The student-sourced Tiny Earth project applies an old adage—many hands make light work—to a modern threat to human health worldwide.
This fall, students in Eric Matson’s bacteriology class at the University of Wisconsin Oshkosh joined the effort to unearth new antibiotic-producing microbes to help combat “superbugs” like MRSA that have evolved resistance to antibiotics.
Headquartered at UW-Madison’s Wisconsin Institute for Discovery, the Tiny Earth project is a global network focused on student-sourcing antibiotic discovery from soil samples.
“As a scientist, educator and a citizen, I am very pleased and excited to have our UW Oshkosh students participating in such an important project,” said Colleen McDermott, interim dean of UWO’s College of Letters and Science.
Although engaging in scientific research with real-world implications always benefits learning and career potential, McDermott said the Tiny Earth project goes further in offering “an extraordinary opportunity for students and a potential boon for public health.”
With nearly 10,000 students in 45 states and 15 countries collecting soil samples, the project casts a wide net in seeking promising microbial isolates.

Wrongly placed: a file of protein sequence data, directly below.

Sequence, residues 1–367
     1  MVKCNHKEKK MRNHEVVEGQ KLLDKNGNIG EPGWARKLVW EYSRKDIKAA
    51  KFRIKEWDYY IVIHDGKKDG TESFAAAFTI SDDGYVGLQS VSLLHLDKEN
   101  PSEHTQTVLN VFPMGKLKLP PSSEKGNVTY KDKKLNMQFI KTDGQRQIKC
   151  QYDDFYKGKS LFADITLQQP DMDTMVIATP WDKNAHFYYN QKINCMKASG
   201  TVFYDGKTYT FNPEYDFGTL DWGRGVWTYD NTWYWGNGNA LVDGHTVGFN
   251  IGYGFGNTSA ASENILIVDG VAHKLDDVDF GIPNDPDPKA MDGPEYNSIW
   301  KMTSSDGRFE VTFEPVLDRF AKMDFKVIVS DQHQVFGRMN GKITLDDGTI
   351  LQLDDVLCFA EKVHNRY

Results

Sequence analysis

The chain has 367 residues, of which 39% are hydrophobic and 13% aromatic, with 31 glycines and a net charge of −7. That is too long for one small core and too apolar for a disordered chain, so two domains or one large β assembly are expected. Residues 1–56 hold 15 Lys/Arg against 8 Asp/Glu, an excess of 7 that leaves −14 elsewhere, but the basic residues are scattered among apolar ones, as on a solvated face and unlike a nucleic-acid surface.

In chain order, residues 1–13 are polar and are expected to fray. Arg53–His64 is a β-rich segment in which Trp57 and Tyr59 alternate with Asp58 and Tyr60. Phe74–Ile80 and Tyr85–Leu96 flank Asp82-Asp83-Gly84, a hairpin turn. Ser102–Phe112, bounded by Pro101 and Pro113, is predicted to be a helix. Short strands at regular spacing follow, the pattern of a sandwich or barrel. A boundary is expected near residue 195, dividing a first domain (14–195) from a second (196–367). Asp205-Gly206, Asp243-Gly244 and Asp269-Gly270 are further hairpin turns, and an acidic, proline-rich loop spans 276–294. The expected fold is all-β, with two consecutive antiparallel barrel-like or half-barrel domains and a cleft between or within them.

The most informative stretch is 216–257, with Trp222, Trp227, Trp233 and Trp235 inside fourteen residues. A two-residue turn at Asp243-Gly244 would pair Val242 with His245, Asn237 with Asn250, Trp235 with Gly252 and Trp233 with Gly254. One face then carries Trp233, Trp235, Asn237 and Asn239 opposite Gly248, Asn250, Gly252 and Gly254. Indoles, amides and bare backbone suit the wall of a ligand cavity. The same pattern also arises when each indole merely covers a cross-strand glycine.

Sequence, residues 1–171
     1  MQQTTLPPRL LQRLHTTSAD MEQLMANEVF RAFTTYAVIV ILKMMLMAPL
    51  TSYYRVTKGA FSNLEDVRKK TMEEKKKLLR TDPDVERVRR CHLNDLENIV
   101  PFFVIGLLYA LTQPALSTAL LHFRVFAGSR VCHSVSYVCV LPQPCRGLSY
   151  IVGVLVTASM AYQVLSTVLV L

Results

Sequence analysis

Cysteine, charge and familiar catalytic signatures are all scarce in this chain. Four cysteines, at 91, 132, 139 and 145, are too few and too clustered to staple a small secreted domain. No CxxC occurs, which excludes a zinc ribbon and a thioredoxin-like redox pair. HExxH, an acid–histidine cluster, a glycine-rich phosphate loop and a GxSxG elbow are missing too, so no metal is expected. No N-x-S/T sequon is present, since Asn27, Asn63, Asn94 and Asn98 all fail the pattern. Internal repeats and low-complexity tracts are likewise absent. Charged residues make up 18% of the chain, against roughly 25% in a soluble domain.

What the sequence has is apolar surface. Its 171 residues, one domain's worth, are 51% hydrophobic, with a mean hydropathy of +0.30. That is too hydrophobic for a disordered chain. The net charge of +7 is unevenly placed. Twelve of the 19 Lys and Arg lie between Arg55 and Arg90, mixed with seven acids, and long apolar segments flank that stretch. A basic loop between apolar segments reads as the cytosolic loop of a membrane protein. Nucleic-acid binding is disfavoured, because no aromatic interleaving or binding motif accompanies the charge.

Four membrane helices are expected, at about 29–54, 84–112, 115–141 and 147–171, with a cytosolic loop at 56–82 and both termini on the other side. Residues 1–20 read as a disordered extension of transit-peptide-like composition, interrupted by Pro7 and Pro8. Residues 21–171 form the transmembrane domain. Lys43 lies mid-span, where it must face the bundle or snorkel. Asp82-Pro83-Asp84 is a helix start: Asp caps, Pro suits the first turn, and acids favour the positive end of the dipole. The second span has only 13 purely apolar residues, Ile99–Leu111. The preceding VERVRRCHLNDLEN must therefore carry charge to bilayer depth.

Matson, who attended a training at UW-Madison last winter to become a Tiny Earth partner instructor, said the six-week project requires good collaboration and teamwork among students.
“This lab work is what real science feels like,” he said.
Students like UWO medical technology junior Sam Amory, of Marinette, learn a variety of laboratory techniques, including how to perform chemical extractions and work with agar (the gelatinous substance used in biological cultures).
“Tiny Earth gives our lab assignments more purpose,” she said. “It’s a real experience … we could actually help with antibiotic discoveries.”
Environmental engineering major Eliza Fitzsimmons, a senior from Oshkosh who graduates in just a few short weeks, is struck by the fact that students from around the world are all working to solve the same problem.
“This class has such a huge purpose,” she said.